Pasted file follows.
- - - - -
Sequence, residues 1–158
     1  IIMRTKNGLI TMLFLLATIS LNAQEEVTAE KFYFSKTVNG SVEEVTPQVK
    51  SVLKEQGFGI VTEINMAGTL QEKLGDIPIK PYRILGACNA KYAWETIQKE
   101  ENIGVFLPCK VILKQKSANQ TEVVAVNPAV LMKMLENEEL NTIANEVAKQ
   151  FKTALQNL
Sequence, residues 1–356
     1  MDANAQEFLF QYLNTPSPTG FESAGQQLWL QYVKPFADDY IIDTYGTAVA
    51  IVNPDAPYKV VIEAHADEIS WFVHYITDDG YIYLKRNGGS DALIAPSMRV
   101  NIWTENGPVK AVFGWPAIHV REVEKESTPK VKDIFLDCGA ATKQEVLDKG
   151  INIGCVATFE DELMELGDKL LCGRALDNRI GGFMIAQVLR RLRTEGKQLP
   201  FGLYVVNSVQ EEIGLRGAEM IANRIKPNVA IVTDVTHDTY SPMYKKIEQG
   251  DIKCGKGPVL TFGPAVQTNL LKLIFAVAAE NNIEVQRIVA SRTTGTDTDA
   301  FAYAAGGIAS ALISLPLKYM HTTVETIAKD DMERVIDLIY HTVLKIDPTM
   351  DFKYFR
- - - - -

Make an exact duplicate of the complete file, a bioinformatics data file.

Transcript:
Sequence, residues 1–158
     1  IIMRTKNGLI TMLFLLATIS LNAQEEVTAE KFYFSKTVNG SVEEVTPQVK
    51  SVLKEQGFGI VTEINMAGTL QEKLGDIPIK PYRILGACNA KYAWETIQKE
   101  ENIGVFLPCK VILKQKSANQ TEVVAVNPAV LMKMLENEEL NTIANEVAKQ
   151  FKTALQNL
Sequence, residues 1–356
     1  MDANAQEFLF QYLNTPSPTG FESAGQQLWL QYVKPFADDY IIDTYGTAVA
    51  IVNPDAPYKV VIEAHADEIS WFVHYITDDG YIYLKRNGGS DALIAPSMRV
   101  NIWTENGPVK AVFGWPAIHV REVEKESTPK VKDIFLDCGA ATKQEVLDKG
   151  INIGCVATFE DELMELGDKL LCGRALDNRI GGFMIAQVLR RLRTEGKQLP
   201  FGLYVVNSVQ EEIGLRGAEM IANRIKPNVA IVTDVTHDTY SPMYKKIEQG
   251  DIKCGKGPVL TFGPAVQTNL LKLIFAVAAE NNIEVQRIVA SRTTGTDTDA
   301  FAYAAGGIAS ALISLPLKYM HTTVETIAKD DMERVIDLIY HTVLKIDPTM
   351  DFKYFR